Good news for BAQ lovers! I just got off the phone with the museum person at the DAR and got the following clarification concerning their current Baltimore Album Quilts on display which I covered in my previous post. Here's what I was told: The Sampler exhibit (located in front of the current Quilt exhibit) is ending this Friday, so on Saturday, Sept. 2, 2012 and through the following 30 days, the Quilt exhibit will be inaccessible while the museum works on a new special exhibit to replace the Samplers. When the museum hall reopens in October, the current Quilts will continue to be on display until October 2013. Phew! You've got plenty of time now to plan a visit!

     While you're in the area, why not visit nearby Georgetown. The shopping is diverse and upscale. Maybe plan lunch at J.Paul's dining saloon. Enjoy open front dining so you can catch the breeze and a view. Fresh pretzels are served with mustard when you're seated. Mmmmm. The tilapia with a side of cucumber salad is divine. Or, maybe you'd like their lobster quesadillas! Delicious and value priced.

    Me: Back to cutting fabric kits...

Cheers, Jeanne

c/ 2012 Jeanne Sullivan

Baltimore Applique Quilt Exhibits

     After spending much of the summer indoors because of the record-breaking heat and humidity here in Annapolis, I think I've come down with a major case of wanderlust! With William out on the west coast for an antique tool event, I decided to go adventuring on my own.

     I set off to visit with my friend Jean Clemens who lives in Williamsburg, VA. We met a few years ago while I was teaching at Applique Academy and she volunteered to be my classroom assistant. What a pair! She's a wizard at organization and kept me on the straight and narrow :) 
    With well over fifty quilts to her credit (among them 3 king-sized), it's no surprise that she's one of the most prolific quilters I know. Whether hand appliqueing or piecing or quilting, her work is just beautiful. She's no stranger to machine work, either. But her hand quilting is most enviable with perfect stitches on top and bottom!
    Here's Jean sharing some of her creations with me. Jim, Jean's sweetheart for 57 years (in a few weeks), kept discovering and delivering more and more quilts for us to fawn over.

    I had the extreme pleasure of meeting some of Jean's lovely quilting friends, "The Glory Bees"! Jane Bergstrahl, Elaine Miller, Lee Wallingford, Barbara Carper, Cindy Garmen Squire and Martha Bjick were there. What a fun and talented group! I was so inspired as they shared their works in progress, finished pieces and mounds of newly acquired fabric! I'm sorry I didn't take more photos this time around but I'm hoping they'll adopt me so I can join them again sometime.
    I did get Lee (on the right) showing her newly completed log cabin quilt arranged in a unique setting which she said was called "Perkiomen" (pronounced Perk-ee-omen). I believe she said it was an older traditional Pennsylvania design.

     Jean, Jim and I made plans to visit the Abby Aldrich Rockefeller Folk Art Museum in Colonial Williamsburg. There's a new exhibit there featuring some stellar examples of Baltimore Applique Quilts. The good news is that the exhibit will remain until May 11, 2014 so there's lots of time to plan for this not-to-be-missed display.  
    I'm finding that most museums are now encasing their textiles behind a new type of glass which protects them from the harmful effects of light, which is a good thing. However, it's really difficult to get good photos because of the shaded glass and glare from overhead lighting (and off-kilter photographer). If you have a digital camera I suggest you set it on P (Program setting), but you'll still be challenged to get satisfactory images. Apologies aside, here are some photos to whet your appetite for an in-person visit with the collection...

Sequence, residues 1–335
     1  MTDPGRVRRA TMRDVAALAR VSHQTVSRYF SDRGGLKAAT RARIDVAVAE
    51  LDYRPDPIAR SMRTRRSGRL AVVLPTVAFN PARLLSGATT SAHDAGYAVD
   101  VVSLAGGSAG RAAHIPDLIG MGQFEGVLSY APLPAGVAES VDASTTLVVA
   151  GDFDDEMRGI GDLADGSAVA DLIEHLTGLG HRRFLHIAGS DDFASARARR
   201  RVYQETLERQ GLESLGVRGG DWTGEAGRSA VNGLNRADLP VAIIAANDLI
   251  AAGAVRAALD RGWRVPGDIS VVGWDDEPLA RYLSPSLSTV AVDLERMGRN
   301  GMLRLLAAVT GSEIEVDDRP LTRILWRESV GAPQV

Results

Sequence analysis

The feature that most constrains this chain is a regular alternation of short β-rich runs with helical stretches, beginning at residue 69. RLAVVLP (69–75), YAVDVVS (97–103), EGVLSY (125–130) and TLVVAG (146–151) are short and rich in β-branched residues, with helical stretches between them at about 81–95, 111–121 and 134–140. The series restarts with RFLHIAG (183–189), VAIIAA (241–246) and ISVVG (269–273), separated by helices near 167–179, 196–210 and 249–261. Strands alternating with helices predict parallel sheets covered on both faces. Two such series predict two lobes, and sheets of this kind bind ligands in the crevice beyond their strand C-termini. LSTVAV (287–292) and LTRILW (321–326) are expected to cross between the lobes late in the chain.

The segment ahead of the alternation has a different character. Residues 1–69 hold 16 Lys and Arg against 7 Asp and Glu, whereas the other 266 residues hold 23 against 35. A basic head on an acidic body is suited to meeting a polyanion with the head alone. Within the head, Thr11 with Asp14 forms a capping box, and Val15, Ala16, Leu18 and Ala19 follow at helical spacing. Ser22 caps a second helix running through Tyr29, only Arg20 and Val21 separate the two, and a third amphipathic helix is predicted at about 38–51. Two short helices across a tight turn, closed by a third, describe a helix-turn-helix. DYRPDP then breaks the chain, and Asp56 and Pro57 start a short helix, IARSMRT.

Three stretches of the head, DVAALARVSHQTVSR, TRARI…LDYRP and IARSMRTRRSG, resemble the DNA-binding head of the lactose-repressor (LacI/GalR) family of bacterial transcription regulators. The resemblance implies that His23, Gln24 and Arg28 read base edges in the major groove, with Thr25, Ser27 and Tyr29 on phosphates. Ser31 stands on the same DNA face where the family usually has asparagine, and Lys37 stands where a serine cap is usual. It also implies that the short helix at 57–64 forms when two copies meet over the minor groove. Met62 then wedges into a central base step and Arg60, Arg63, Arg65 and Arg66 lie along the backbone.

Here's a closeup of block D5 (bottom right corner).

And, who can resist this red and green beauty...
The quilt has two alternating blocks. Here's one of them...
This spectacular block from another quilt sports spectacular stuffed work and quilting. I was breathless.
     I'm so grateful to be able to experience these amazing exemplars of fine needleart first hand. I could move right into the museum and live there for months ogling every detail over and over.
     In addition to exhibits featuring every type of folk art imagineable, the museum also houses an expansive collection of antique textiles and needleart. Here's a woman's ''pocket'' with decorative surface stitching known as crewel embroidery.

          The following example of whitework is shown against a lighted background to accentuate the multitude of filled and drawn thread stitches. The photo shows only a small portion of the piece which takes up the entire display case.

     If you haven't ever been to the Abby Aldrich Museum, you really need to put it near the top of your bucket list.

    Next up...Bassett Hall...  Rockefeller played a major role in financing and planning for the restoration of Colonial Williamsburg. John and Abby made Bassett Hall their home for several months each year during the 1930's and 40's. The story of them and their extraordinary vision, appreciation for the arts, their generosity and accomplishments is highlighted in a movie and guided tour at the house. You'll be fascinated! 

     It seemed every square inch of the well-appointed rooms were covered with eclectic mix of modern and folk art (hers), with classic fine art representations (his).
    My eyes locked in on anything stitched or hooked! Here's a beautiful example of a hand hooked rug found in an upstairs hallway...

And, a large primitive piece covering the bedroom floor...
Lovely hand crocheted spreads covered each of the twin beds. They caught my eye because I have a tablecloth made by my grandmother in the exact same design. It must have been all the rage in the 30's!
OK. Time out for lunch! Jean and Jim introduced me to Firehouse Subs. Great food, great service and great prices! I gained five pounds.  
     I said goodbye to my gracious hosts, gased up and was on my way to Wilmington, NC to see my son and daughter-in-law (at least that's what I told them)...but, I really needed a grandbaby fix.
     I got home a week later just in time to pick William up from the airport.
     No rest for the weary! Today we piled into the car and headed for the DAR Museum in Washington DC, about 45 minutes away. Can't seem to get my fill of wandering these days, especially when there are luscious quilts to be enjoyed.